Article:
Mysteries Of The Under-explored Deep Ocean

2016-06-10T08:35:01+00:00 June 10, 2016|
Click to enlarge) A manta ray in Flower Garden Banks National Marine Sanctuary. (Credit: National Ocean Service Image Gallery)

Click to enlarge) A manta ray in Flower Garden Banks National Marine Sanctuary. (Credit: National Ocean Service Image Gallery)

There are football fields full of mussels 1500 meters below the waves in the Atlantic, and scientists just discovered them. Mussels are usually found in the intertidal zone, but Dr. Amanda Demopoulos (Research Ecologist, U.S. Geological Survey (USGS)) presented information on recently-discovered mussels that thrive at abnormal depths due to their environmental adaptation to nutrients from deep ocean seeps.

Dr. Demopoulos, George P. Schmahl (Superintendent, Flower Garden Banks National Marine Sanctuary), and Dr. Jason Chaytor (Research Geologist, USGS) each described recent discoveries from the ocean’s abyss at “The Deep Ocean: Earth’s Final Frontier” congressional briefing sponsored by the House Oceans Caucus.

Mr. Schmahl spoke of the vast, diverse forest of deep-sea corals that thrive in the Flower Garden Banks National Marine Sanctuary. Within the Gulf of Mexico, the Flower Garden Banks are home to a unique ecosystem of giant coral heads, manta rays, whale sharks, and hundreds of species of fish and invertebrates, which were thankfully unaffected by the 2010 Deepwater Horizon oil spill. The National Oceanic and Atmospheric Administration has just proposed an expansion of the sanctuary due to its impressive biodiversity. Dr. Chaytor outlined the wide array of deep marine geohazards, including submarine landslides and slope instability, a potential tsunami concern. He also described gigantic submarine canyons, 20 times deeper than the height of the Washington Monument, whose capabilities for transporting sediment and chemicals to the deep ocean are unknown.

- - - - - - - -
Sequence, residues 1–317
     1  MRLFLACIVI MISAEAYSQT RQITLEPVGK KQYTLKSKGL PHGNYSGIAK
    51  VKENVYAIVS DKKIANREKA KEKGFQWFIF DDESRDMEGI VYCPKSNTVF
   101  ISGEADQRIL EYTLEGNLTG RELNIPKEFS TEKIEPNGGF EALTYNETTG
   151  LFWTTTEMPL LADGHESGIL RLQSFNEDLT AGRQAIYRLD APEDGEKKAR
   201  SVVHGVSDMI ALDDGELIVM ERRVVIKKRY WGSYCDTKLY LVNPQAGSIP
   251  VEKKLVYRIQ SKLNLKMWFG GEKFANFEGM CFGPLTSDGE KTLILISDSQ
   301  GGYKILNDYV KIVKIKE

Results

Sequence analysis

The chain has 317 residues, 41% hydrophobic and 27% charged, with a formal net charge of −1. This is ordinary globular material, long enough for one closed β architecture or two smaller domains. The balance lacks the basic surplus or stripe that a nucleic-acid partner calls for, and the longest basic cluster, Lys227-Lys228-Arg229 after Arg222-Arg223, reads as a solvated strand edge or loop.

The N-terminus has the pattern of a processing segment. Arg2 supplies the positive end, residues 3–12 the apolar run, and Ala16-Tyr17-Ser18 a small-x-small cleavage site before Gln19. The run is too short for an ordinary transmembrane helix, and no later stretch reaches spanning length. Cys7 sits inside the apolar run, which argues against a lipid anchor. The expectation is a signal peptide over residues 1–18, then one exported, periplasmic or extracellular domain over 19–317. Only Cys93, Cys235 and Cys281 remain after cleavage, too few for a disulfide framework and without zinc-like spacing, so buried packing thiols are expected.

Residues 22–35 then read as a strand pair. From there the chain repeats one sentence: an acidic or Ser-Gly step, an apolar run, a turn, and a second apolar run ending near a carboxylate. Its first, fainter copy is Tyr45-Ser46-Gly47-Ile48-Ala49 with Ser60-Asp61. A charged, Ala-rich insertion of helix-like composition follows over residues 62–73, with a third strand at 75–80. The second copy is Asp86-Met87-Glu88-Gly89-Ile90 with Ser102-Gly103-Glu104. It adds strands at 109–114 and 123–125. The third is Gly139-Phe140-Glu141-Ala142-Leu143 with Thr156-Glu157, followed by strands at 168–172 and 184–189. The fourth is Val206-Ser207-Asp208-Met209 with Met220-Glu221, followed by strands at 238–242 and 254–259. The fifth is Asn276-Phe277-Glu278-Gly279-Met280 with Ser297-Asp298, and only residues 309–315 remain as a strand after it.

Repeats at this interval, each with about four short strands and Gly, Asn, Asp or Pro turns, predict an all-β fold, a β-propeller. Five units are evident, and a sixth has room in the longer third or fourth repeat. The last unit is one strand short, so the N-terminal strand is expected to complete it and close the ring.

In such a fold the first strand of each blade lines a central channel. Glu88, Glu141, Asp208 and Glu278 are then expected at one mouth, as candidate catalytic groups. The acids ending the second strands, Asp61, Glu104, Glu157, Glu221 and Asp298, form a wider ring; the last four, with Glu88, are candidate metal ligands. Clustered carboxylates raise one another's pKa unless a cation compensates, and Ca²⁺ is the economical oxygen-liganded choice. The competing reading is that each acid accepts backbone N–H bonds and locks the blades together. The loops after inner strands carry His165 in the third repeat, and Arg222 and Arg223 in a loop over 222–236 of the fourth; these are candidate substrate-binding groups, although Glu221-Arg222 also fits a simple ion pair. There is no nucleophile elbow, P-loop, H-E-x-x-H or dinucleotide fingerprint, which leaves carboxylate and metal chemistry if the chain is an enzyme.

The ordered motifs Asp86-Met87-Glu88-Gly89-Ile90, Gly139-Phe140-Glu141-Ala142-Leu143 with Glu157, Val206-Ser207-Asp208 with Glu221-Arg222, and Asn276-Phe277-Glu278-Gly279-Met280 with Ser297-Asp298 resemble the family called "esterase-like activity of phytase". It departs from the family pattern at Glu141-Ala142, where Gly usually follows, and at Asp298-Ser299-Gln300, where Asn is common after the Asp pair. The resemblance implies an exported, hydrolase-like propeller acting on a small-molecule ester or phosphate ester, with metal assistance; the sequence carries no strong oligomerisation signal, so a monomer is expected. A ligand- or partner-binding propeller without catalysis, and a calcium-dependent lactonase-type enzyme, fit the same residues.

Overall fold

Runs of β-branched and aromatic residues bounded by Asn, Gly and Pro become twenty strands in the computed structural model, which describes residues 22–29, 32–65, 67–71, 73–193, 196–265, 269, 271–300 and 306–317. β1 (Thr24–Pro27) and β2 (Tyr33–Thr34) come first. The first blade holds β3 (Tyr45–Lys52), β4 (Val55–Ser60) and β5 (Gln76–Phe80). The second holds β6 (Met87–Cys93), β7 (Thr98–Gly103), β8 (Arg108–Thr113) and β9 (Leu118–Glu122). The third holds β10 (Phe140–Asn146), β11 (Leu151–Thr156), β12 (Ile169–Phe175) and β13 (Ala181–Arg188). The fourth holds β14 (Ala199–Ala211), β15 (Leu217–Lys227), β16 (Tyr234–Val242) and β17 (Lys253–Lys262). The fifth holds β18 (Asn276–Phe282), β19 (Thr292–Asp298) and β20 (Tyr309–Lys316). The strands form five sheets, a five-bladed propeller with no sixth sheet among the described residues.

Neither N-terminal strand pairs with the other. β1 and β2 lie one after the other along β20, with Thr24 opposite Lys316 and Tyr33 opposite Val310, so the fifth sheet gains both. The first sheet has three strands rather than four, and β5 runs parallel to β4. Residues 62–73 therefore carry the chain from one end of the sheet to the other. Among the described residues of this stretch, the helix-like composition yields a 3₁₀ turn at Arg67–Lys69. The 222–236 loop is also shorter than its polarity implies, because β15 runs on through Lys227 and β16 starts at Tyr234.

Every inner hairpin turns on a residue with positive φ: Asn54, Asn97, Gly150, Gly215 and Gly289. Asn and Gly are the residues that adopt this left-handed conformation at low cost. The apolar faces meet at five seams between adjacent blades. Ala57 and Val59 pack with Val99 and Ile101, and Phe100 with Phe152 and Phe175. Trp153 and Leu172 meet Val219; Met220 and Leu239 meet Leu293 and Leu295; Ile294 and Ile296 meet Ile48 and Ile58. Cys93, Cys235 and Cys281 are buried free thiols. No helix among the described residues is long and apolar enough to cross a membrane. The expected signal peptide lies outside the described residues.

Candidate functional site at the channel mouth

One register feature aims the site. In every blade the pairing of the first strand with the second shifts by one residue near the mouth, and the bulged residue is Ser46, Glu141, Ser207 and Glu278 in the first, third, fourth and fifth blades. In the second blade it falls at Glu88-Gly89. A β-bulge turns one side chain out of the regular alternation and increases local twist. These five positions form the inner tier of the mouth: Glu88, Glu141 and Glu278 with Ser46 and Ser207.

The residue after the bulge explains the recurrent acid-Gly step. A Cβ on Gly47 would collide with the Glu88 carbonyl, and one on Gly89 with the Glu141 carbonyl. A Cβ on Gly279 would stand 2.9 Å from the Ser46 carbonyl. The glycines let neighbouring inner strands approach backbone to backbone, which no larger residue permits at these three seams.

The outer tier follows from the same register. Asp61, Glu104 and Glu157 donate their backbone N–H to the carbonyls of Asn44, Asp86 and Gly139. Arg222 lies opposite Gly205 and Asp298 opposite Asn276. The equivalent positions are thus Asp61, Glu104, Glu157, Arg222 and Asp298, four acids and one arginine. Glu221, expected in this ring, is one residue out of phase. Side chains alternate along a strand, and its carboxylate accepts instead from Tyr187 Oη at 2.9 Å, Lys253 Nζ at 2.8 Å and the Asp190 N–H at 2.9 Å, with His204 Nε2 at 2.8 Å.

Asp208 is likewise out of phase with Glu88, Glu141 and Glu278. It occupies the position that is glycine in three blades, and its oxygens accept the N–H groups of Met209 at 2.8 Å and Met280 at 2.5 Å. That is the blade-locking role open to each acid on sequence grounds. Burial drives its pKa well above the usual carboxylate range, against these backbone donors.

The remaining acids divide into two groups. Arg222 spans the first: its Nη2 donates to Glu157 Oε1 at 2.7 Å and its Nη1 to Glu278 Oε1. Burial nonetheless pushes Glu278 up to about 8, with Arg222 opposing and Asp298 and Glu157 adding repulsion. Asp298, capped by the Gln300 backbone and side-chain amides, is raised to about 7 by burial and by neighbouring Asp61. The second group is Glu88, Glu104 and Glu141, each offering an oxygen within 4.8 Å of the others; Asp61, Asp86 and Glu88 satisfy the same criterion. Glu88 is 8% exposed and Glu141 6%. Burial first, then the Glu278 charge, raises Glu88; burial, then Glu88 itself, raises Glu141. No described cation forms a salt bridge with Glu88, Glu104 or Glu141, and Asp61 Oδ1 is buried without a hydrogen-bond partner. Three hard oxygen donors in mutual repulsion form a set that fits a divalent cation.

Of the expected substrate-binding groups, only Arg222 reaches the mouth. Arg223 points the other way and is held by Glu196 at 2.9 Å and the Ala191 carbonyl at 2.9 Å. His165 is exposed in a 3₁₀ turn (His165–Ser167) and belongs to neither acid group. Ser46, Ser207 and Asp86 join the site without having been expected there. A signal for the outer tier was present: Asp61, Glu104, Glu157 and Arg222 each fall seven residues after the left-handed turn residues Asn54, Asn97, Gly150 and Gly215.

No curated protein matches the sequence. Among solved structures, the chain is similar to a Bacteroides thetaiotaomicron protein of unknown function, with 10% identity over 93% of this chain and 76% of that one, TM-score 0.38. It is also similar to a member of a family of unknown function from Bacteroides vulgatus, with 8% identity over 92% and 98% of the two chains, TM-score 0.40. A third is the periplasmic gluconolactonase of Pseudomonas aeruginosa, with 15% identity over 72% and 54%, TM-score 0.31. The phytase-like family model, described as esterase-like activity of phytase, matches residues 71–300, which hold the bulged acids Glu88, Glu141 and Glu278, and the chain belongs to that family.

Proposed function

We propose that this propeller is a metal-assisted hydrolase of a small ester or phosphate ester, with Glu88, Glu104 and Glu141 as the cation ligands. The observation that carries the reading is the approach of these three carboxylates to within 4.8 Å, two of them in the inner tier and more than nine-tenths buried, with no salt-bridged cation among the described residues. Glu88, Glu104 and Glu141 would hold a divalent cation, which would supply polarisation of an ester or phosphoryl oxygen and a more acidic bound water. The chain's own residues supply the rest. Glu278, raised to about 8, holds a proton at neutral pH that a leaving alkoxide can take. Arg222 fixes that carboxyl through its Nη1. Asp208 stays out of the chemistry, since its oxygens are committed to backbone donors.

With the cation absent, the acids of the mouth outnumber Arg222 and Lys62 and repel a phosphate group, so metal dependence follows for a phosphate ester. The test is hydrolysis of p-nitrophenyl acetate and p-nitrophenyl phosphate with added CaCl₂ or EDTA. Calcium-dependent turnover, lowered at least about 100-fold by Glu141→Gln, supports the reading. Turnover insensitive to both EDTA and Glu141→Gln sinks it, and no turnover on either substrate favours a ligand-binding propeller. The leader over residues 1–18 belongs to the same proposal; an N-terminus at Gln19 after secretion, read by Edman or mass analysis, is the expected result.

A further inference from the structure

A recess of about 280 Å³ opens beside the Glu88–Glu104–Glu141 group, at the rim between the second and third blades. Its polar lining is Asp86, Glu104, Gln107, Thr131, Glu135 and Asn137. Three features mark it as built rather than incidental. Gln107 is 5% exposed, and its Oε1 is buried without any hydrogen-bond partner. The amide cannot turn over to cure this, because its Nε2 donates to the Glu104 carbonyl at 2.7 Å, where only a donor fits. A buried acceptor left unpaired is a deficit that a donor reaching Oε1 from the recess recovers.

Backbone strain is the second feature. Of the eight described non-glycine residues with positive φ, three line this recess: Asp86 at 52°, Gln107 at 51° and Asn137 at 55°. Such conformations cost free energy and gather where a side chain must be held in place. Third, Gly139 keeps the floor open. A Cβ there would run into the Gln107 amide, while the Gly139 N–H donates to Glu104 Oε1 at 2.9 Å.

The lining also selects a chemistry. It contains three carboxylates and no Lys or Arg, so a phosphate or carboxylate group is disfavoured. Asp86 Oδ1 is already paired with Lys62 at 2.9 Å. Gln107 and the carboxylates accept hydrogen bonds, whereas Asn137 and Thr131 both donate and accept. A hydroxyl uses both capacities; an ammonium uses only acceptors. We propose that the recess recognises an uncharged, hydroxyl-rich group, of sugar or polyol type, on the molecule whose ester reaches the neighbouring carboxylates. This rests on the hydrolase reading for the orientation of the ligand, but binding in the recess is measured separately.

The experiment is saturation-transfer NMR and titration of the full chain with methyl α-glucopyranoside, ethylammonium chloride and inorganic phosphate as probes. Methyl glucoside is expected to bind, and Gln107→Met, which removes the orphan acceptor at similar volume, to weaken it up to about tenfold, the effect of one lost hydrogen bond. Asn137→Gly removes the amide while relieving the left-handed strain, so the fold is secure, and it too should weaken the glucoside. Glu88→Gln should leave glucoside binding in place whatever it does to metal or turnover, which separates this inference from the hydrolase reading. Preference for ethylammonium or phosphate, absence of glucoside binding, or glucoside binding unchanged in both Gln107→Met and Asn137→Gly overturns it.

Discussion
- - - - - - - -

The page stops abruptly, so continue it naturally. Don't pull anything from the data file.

The briefing highlighted many exciting new discoveries, but scientists are eager to explore further to learn about the ocean that covers 70% of earth’s surface, especially the little-known deep sea. Thus far, studying the depths requires complex technology, including autonomous vehicles and remote sensing. However, enhanced efforts in exploration and observation are critically needed to understand this dynamic ecosystem. From learning about unexpected mussel adaptations to advanced tsunami warnings, the deep sea’s mysteries will continue to amaze us and offer exciting new opportunities for research and expanding knowledge.